Not only is there room at the manger for us, the messy ones, but God intends to use messy people, too. When you think of people God wants to use to accomplish His will on this earth, we immediately think of characters like a President or Congressman. Or maybe a Hollywood actor who has come to Christ. Or maybe a famous football player who writes Scripture references on the eye black he wears on his cheek bones during football games. Or maybe the racecar driver who gives God glory after each victory. Or maybe it’s the highly-educated or the successful businessman.  Or the gifted musician who sings to people every night…

While those are all people that God will use to accomplish His will, they aren’t the only ones. In fact, they aren’t even the majority. Most of the activity of God is accomplished with little fanfare to the leaders of the world. It’s accomplished behind closed doors in your prayer closet. It’s accomplished when you share a cup of cold water in the name of Jesus Christ. It happens when you get to know your neighbors and begin acting like neighbors with them. We don’t have to wait for some grand, public moment to begin ministering to a world that is dying without Christ. I must say, however, that if you do choose to do this, it can get a little messy. Because people are messed up. But He is the Lord of the mess.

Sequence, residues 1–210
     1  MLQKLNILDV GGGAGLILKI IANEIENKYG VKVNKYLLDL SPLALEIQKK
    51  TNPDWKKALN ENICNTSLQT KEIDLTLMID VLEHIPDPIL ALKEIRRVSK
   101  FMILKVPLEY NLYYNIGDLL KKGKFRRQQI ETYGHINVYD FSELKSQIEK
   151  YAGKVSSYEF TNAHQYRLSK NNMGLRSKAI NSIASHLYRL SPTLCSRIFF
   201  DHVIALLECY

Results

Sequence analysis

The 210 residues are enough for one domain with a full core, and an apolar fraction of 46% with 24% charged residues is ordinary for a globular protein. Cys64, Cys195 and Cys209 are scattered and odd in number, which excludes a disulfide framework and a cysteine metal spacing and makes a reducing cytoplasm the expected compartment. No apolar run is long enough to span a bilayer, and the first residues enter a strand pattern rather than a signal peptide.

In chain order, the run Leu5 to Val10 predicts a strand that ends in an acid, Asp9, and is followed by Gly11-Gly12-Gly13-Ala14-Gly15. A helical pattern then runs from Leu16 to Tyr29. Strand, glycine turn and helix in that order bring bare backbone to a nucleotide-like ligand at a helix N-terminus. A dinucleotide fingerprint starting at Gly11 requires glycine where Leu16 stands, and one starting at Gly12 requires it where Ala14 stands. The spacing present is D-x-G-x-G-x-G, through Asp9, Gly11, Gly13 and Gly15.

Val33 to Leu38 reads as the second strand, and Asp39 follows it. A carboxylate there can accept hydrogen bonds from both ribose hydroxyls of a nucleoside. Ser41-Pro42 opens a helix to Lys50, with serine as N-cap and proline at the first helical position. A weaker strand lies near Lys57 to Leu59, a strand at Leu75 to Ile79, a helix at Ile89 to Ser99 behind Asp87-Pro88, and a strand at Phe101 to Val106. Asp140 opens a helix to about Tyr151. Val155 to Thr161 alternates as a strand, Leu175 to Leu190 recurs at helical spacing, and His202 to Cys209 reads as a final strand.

The kingdom of God is not going to look anything like many imagine it’s going to look like. Because it has messy lives in its midst. And that’s great news for people like you and me. We don’t have to get our lives straightened out before we come into a life-giving relationship with our Father in Heaven. Christ came down to His messy people so we can have a way to Him. Although our script might not include trouble-making, too many question-asking, weird looking, swearing dancers who are too conservative, too liberal, or have too many neon colors in their hair, there is room at the cross for them. Just like there’s room at the cross for Norman who insists he’s a pig who barks. Just like there’s room for shepherds who are outcasts from society. Just like there’s room for me. Just like there’s room for you.

Because God writes His own script. And He’s the Lord of the mess.


[1] Robert Fulghum. Uh-Oh: Some Observations from Both Sides of the Refrigerator Door , pp 33-38 Author bio: http://robertfulghum.com/index.php/fulghumweb/about/

[2] http://www.holytextures.com/2009/11/luke-2-1-20–luke-2-1-7-8-20–luke-2-1-14-15-20-christmas-eve-day-year-a-b-c-sermon.html

[3] Mike Yaconelli, Messy Spirituality, pp. 75-76